Natural sweeteners, however, are another story. The benefits of honey, for example, are preached regularly. But coconut sugar—aka sugar sourced from coconut trees—has more of a mixed reputation. Many healthy bakers, including Alt-Baking Bootcamp stars Mia Rigden and Jenny Dorsey, swear by it as a better-for-you alternative to cane sugar. But at the end of the day, isn't it still sugar? How healthy could it possibly be? We asked registered dietitian Carissa Galloway, RD, to help us set the record straight.
Is coconut sugar healthy? Here's how it compares to cane sugar
Coconut sugar, Galloway says, is made from the sap of coconut palm trees (kind of like how maple syrup is sourced from maple tree sap). After the sap is collected, it's heated and the water evaporates. As it dries, you're left with a brown, crystalized sugar that's sweet like regular white sugar—and contains a comparable amount of sugar per one-teaspoon serving (four to five grams in coconut sugar, depending on the brand; four grams in granulated sugar).
However, unlike traditional white sugar, coconut sugar comes with a slight nutritional edge. "Nutritionally, one difference between coconut sugar and regular, cane sugar is that coconut sugar has a lower glycemic index," Galloway says. "This means that it will have a lower impact on your blood glucose levels, not spiking insulin. It makes it a better choice especially for people with diabetes or pre-diabetes." (Emphasis on lower—as with all sugars, including "natural" ones like honey and maple syrup, coconut sugar can still impact your blood sugar levels, which can affect mood, energy, and overall health.)
Coconut sugar has a smaller impact on your blood glucose levels than regular white sugar because it contains trace minerals that help slow absorption. "Coconut sugar has small amounts of iron, zinc, calcium, potassium, and short chain fatty acids," she says. And we mean small. For example, depending on what brand you choose, a one-teaspoon serving of coconut sugar contains around 10 milligrams of calcium—which is just 1 percent of the recommended 1,000 milligrams of calcium adults are supposed to eat per day. So while it's a nice perk, it's not going to make or break your nutrition for the day.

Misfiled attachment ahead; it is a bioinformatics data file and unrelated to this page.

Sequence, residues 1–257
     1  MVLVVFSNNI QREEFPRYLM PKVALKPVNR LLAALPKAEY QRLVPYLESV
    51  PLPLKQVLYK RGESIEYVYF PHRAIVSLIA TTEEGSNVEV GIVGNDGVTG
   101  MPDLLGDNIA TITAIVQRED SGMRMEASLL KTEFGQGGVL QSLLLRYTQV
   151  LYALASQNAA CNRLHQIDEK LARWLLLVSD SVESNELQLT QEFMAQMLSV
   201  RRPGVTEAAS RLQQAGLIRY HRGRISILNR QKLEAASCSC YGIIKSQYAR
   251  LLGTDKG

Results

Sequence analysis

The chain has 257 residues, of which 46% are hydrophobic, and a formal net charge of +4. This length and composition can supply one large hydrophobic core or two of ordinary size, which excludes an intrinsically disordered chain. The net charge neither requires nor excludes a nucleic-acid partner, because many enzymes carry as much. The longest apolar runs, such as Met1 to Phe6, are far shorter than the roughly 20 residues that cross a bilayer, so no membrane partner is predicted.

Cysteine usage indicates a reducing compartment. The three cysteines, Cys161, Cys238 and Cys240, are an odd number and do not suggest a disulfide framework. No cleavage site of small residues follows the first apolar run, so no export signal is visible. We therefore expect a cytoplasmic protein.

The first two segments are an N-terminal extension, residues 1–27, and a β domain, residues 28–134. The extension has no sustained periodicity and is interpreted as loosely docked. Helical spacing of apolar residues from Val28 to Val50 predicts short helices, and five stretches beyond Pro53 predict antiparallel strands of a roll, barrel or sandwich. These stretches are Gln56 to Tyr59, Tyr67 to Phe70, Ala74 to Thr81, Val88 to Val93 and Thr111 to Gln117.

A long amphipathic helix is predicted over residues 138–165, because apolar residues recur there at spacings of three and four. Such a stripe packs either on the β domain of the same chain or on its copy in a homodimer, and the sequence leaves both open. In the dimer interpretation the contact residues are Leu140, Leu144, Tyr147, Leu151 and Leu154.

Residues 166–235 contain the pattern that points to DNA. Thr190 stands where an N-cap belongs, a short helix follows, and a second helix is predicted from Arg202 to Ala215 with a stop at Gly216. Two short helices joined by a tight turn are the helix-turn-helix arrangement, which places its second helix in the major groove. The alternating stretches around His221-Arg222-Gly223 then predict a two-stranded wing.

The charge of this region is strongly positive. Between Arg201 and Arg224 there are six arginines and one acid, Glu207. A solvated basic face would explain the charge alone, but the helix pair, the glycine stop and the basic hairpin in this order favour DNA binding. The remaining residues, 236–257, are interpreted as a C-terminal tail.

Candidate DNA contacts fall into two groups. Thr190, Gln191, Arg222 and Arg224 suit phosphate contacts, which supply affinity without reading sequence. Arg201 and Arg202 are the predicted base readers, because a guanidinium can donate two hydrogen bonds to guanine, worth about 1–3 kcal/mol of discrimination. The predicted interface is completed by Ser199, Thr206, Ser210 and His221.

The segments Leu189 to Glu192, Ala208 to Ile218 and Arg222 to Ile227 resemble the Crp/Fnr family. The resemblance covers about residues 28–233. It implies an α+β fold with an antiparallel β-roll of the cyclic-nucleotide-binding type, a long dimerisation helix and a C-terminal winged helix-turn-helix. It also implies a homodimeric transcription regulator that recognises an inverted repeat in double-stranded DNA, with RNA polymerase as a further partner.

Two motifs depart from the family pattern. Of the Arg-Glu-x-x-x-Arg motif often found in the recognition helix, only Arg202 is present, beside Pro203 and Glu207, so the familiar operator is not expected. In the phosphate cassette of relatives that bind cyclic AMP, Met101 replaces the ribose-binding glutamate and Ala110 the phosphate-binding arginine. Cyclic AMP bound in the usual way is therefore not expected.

With all that said, Galloway doesn't recommend mainlining coconut sugar on the reg. "As a dietitian, I don't feel comfortable calling any sugar 'healthy,' but it is a better choice than cane sugar," Galloway says. "I wouldn't recommend consuming coconut sugar with the intent of getting any nutrients. But at least you know when you are looking for a sweetener option that it has at least a small amount of nutritional value, versus cane sugar, which has none."
When to use it
While coconut sugar might not be the next superfood anytime soon, it isn't a bad option when you're looking for a sweetener. Galloway says that some benefits of cooking and baking with coconut sugar is that it's a one-to-one swap to cane sugar, and, unlike maple syrup or honey, its texture makes it easy to use as a straight-forward swap.
"Something to keep in mind is that it doesn't actually taste like coconut," she says. "The taste is more similar to brown sugar." Because of its brown color, she also says to keep in mind that it may change the color of what you're making. "If you're using it to make sugar cookies, just know they're going to come out brown, not white," she says.
Like anything, she says using coconut sugar can take a little trial and error. "You may find that it needs just a little more moisture or the timing is slightly different, so just keep an even closer eye than usual on the oven or stove," she says. In general, she says it's a good sugar substitute to try. "If you're using it instead of cane sugar, you're treating your body a little bit better," she says. "Those trace minerals are small, but it does count for something!"
Looking for a creative way to use coconut sugar? Check out this delicious healthy chocolate chip cookie recipe featuring the sugar du jour:
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